With this course, Aafreedi aims to make his students conscious of what they can, must and should do to prevent mass violence and how to recognize and understand the warning signs that they see both in historic accounts – and in modern-day India.

First is tension and polarization. The gulf between Hindus and Muslims has greatly increased since the present National Democratic Alliance (NDA) coalition government came into power. There is also a proliferation of hate on social media.

Second is the apocalyptic public rhetoric. Hindu nationalists have repeatedly accused the Muslims of indulging in “love jihad” – the alleged trapping and luring of Hindu girls by Muslims for matrimony leading to their religious conversion – and “land jihad” – land grabbing – and of Hindus being in danger because of the rapidly rising numbers of Muslims in the country. Some have even suggested forced sterilization of Muslims.

Labelling civilian groups as the “enemy” is a third warning sign that has permeated Indian society today. Those critical of Hindu nationalists are denounced as “pseudo-liberals” or “pseudo-secularists”. Muslims protesting against the controversial Citizenship Amendment Act (CAA) and the proposed implementation of the exercise for the production of a National Register of Citizens (NRC) at the pan-India level are equated by Hindu nationalists with anti-nationals. In their discourse Hindu nationalism is equated with nationalism. Rationalists who have been speaking against superstitions have even been killed in a spate of attacks.

A fourth sign is the deployment of irregular armed forces within the country. Aafreedi quotes Christopher Jaffrelot, a French political scientist specializing in South Asia – “Never has the lack of distinction between non-state actors and government authorities been so great,” he says. There are vigilante groups, Gau Rakshaks (Cow Protectors), Police Mitra (volunteers assisting police in its operations during riots) that have been let loose on the public.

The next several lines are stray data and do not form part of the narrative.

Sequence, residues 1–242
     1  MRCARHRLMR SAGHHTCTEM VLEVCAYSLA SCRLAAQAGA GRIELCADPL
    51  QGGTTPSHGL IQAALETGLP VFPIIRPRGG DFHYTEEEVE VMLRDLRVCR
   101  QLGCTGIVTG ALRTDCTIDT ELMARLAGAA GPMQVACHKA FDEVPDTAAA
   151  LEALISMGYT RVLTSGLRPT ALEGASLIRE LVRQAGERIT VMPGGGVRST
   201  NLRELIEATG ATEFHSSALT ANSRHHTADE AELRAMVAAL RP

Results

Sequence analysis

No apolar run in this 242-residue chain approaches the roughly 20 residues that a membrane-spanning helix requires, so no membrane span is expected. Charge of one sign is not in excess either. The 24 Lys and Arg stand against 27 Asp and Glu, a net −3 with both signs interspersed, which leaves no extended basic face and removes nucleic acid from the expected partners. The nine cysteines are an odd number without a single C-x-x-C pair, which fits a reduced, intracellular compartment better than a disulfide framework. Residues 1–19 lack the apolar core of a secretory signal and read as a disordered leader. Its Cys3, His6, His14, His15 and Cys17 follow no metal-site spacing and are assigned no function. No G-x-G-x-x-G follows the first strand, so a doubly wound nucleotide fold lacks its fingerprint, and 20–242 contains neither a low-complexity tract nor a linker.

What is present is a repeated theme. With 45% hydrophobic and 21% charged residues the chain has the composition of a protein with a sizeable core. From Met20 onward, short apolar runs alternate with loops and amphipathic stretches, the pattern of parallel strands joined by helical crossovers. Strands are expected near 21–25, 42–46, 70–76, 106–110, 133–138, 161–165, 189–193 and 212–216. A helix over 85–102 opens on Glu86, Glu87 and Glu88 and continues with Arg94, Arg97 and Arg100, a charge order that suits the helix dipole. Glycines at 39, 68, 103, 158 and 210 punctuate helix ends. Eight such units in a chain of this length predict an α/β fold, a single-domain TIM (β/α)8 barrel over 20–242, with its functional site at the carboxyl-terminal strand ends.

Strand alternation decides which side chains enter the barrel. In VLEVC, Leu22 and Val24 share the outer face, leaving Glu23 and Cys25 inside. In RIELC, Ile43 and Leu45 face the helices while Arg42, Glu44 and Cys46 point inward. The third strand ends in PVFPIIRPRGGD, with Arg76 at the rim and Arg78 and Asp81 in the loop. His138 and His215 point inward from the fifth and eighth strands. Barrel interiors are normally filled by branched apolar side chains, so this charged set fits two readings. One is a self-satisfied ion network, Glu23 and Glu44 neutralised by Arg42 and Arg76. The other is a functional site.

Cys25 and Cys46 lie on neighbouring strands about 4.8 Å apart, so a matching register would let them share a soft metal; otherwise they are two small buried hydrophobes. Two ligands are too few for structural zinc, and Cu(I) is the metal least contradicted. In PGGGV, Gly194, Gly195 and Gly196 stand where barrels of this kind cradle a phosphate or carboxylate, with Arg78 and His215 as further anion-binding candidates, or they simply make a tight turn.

A fifth sign is the stockpiling of weapons. There are organizations in the country that are almost always well-equipped with weapons, which may not necessarily be conventional, to perpetrate violence of varying degrees.

When commenting on the waves of nationalism sweeping not only India, but other parts of the world, he identifies the great desire in citizens for strong leadership. “People just seem to be disappointed with how democracies have been functioning and they are craving for something that is stronger in nature; more authoritarian in nature,” he said.

Above all, Aafreedi, who is has both Hindu and Islamic roots in his family, hopes his teachings will ensure humanity shall not repeat its mistakes.

“I would only like my students to be more conscious of how the society can change for us if they turn a blind eye to increasing intolerance and discrimination towards minorities. Any society that is intolerant to certain sections of its population is as bad for the majority as it is for the minority groups. Nobody can be happy in such a society,” he concludes.